Why there could be a burst of private equity activity after the referendum

William Turvill
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EU Referendum - Signage And Symbols
Private equity activity is thought to have slowed in the UK so far this year (Source: Getty)

Private equity firms could be gearing up for a post-referendum surge of activity, new research suggests.

Transaction volumes in private equity are believed to have dipped this year ahead of the Brexit vote.

But new figures from primary research partner Third Bridge, which conducts market analysis for private equity firms, suggest interest in activity remains strong.

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Figures from SL Capital Partners and Unquote suggest the number of European private equity-backed deals declined by 11.7 per cent year on year in the first quarter of this year. But Third Bridge has experienced a 13 per cent growth in research volumes.

Emmanuel Tahar, co-founder and chief executive of Third Bridge, said: “The industry is clearly cautious ahead of the EU referendum, but this caution hasn’t led private equity firms to stop investing in research. Quite the opposite, they are using it to seek out opportunity beyond the obvious.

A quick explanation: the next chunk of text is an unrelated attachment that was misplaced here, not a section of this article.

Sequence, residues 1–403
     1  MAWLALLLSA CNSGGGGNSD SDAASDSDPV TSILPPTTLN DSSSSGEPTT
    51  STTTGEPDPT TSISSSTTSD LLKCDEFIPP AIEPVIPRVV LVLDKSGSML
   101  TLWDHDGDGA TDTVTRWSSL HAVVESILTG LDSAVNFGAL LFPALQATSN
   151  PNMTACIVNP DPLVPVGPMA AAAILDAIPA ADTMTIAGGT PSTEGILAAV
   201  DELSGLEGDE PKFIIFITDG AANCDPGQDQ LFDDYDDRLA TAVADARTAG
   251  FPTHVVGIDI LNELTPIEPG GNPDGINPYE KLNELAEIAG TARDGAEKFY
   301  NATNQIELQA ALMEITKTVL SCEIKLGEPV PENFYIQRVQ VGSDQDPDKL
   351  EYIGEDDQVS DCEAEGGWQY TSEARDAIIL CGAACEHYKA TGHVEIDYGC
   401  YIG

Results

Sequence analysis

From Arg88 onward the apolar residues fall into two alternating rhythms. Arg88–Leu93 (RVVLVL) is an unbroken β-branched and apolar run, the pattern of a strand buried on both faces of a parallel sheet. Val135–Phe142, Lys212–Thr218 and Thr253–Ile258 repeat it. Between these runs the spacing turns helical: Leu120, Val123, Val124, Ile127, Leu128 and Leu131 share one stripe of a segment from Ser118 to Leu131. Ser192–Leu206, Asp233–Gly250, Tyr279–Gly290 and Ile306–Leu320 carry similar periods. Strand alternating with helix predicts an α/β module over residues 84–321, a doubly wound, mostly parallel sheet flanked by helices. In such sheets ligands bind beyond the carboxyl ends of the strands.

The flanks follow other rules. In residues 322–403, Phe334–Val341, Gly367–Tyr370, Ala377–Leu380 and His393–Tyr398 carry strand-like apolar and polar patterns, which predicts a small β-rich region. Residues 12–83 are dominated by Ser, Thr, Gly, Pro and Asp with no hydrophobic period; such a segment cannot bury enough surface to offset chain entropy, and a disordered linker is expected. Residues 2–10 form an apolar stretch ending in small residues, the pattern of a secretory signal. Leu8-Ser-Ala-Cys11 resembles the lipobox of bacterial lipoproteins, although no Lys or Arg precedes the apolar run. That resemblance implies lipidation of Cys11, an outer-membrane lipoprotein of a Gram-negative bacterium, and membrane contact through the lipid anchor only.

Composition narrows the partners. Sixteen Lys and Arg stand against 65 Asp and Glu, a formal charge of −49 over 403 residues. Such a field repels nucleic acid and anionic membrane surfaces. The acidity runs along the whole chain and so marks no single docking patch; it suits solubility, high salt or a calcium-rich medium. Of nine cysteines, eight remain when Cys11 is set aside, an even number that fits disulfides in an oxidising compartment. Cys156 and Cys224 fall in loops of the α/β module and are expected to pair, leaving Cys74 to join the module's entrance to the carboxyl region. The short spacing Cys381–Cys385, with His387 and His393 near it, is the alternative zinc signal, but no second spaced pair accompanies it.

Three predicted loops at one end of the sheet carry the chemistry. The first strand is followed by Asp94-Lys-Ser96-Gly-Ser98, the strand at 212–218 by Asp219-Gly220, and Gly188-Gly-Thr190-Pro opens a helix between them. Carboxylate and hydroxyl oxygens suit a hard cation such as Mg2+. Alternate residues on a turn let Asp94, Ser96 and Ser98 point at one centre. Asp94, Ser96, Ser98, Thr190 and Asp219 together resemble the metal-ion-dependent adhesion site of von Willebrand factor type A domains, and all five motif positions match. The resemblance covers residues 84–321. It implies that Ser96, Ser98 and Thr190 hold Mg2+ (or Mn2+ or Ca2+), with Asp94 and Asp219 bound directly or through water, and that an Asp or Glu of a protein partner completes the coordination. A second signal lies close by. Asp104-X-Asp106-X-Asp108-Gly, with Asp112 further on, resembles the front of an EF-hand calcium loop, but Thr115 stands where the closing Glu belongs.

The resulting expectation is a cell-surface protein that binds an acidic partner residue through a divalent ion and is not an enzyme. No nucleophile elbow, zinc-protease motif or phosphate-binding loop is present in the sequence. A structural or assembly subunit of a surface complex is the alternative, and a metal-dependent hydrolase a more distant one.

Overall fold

“The high level of commissioned research also suggests that come 24 June there will be a lot of dry powder ready to ignite. The vote is critical to the sector and I wouldn’t be surprised if a number of our clients have already cancelled their summer holiday plans in expectation.”

The suggestion there could be a surge in activity after the referendum was also backed by Graeme Gunn, a partner at SL Capital Partners.

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“There definitely has been an impact around Brexit on new transactions,” he told City A.M.

“I suspect people who are selling companies don’t necessarily want to sell them in this environment because you’re going to get a negative valuation impact just because of the uncertainty. I think it’s on both sides – I think vendors are probably stopping processes and I don’t think the private equity guys are necessarily keen to execute in this environment.”

On an anticipated uplift in activity after the vote, he said: “We do see the funds switching in the second half of this year from a divestment to an investment stage...

“Private equity tends to thrive on change and this sort of dislocation, so we would imagine that they would find opportunities that were maybe not there today.”

Gunn expects an increase in activity no matter which way the vote goes. He said: “People just want certainty one way or the other… I wouldn’t say we would see a slow down either way.”